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    Act 2, Scene V

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    Chapter 8
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    SCENE V. The Forest.

    Enter AMIENS, JAQUES, and others

    Under the greenwood tree
    Who loves to lie with me,
    And turn his merry note
    Unto the sweet bird's throat,
    Come hither, come hither, come hither:
    Here shall he see No enemy
    But winter and rough weather.

    More, more, I prithee, more.

    It will make you melancholy, Monsieur Jaques.

    I thank it. More, I prithee, more. I can suck
    melancholy out of a song, as a weasel sucks eggs.
    More, I prithee, more.

    My voice is ragged: I know I cannot please you.

    I do not desire you to please me; I do desire you to
    sing. Come, more; another stanzo: call you 'em stanzos?

    What you will, Monsieur Jaques.

    Nay, I care not for their names; they owe me
    nothing. Will you sing?

    More at your request than to please myself.

    Well then, if ever I thank any man, I'll thank you;
    but that they call compliment is like the encounter
    of two dog-apes, and when a man thanks me heartily,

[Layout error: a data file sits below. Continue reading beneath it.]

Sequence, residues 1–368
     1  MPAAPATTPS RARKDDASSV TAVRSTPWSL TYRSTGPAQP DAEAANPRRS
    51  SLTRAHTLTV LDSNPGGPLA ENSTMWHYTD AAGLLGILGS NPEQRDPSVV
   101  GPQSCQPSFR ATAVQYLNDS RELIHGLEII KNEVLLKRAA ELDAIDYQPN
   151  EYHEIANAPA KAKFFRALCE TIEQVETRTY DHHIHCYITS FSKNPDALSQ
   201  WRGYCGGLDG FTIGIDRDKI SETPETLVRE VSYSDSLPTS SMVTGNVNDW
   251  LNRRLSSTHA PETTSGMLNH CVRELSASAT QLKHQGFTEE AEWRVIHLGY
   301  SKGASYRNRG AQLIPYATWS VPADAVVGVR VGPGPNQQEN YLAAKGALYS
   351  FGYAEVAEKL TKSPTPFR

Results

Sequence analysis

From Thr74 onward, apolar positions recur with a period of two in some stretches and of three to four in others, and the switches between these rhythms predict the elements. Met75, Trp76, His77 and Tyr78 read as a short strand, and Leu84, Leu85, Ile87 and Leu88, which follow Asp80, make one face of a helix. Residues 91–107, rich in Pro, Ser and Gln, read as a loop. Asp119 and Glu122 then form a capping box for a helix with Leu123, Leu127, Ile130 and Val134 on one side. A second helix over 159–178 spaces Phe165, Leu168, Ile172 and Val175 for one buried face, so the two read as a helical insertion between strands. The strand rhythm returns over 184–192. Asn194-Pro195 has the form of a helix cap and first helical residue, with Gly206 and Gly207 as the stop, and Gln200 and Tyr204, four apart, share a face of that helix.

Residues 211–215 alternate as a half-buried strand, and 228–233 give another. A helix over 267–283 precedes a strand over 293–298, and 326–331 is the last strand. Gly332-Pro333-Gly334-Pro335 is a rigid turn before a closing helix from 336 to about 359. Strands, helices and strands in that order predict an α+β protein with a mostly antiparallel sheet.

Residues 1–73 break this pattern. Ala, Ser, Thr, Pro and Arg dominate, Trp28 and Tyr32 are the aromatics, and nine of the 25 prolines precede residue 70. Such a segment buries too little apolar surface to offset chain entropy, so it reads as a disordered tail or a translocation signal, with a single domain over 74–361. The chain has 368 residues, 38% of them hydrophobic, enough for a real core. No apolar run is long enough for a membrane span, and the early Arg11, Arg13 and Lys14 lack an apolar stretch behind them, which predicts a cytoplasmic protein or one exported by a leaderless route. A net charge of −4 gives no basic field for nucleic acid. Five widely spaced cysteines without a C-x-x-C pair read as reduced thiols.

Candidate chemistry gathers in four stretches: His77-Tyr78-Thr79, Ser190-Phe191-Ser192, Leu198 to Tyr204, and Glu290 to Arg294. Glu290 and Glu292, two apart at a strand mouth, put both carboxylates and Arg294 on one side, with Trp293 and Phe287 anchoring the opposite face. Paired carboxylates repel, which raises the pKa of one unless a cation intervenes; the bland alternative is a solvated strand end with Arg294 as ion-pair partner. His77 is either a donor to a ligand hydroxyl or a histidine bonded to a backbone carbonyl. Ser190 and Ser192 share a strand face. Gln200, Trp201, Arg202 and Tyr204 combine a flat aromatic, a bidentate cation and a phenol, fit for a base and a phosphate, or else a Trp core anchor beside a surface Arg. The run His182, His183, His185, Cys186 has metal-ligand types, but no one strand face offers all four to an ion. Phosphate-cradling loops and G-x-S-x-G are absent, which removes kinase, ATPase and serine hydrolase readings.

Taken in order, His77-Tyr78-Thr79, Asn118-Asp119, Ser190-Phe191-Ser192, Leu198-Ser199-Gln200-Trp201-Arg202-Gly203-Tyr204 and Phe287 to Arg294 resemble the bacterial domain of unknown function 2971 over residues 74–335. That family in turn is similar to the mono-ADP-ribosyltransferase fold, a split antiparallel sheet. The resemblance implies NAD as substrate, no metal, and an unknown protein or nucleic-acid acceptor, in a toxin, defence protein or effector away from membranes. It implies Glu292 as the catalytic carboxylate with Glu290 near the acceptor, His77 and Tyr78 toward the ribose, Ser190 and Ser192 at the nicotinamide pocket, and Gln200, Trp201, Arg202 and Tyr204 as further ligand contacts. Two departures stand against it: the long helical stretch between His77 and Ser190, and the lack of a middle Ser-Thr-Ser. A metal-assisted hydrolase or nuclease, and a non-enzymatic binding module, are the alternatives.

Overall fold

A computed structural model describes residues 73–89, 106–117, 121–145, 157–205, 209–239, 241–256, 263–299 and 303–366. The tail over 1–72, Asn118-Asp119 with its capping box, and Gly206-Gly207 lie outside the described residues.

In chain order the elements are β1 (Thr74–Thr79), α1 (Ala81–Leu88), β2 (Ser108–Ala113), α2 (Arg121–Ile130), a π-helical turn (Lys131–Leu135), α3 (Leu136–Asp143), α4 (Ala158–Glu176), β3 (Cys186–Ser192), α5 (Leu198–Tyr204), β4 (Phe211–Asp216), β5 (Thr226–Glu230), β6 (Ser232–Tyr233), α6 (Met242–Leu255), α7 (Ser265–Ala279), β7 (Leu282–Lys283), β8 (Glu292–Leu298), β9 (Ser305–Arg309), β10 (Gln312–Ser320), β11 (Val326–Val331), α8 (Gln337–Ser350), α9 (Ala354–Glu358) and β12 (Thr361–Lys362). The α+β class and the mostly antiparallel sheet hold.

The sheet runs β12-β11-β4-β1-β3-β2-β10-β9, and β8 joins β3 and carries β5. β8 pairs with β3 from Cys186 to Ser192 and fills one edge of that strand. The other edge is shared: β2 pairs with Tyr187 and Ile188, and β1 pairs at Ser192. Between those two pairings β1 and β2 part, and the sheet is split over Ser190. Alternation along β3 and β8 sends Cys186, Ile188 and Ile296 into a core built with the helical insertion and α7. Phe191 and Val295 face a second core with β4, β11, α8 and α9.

methinks I have given him a penny and he renders me
    the beggarly thanks. Come, sing; and you that will
    not, hold your tongues.

    Well, I'll end the song. Sirs, cover the while; the
    duke will drink under this tree. He hath been all
    this day to look you.

    And I have been all this day to avoid him. He is
    too disputable for my company: I think of as many
    matters as he, but I give heaven thanks and make no
    boast of them. Come, warble, come.
    Who doth ambition shun

    All together here

    And loves to live i' the sun,
    Seeking the food he eats
    And pleased with what he gets,
    Come hither, come hither, come hither:
    Here shall he see No enemy
    But winter and rough weather.

    I'll give you a verse to this note that I made
    yesterday in despite of my invention.

    And I'll sing it.

    Thus it goes:--
    If it do come to pass
    That any man turn ass,
    Leaving his wealth and ease,
    A stubborn will to please,
    Ducdame, ducdame, ducdame:
    Here shall he see
    Gross fools as he,
    An if he will come to me.

    What's that 'ducdame'?

    'Tis a Greek invocation, to call fools into a
    circle. I'll go sleep, if I can; if I cannot, I'll
    rail against all the first-born of Egypt.

    And I'll go seek the duke: his banquet is prepared.

    Exeunt severally
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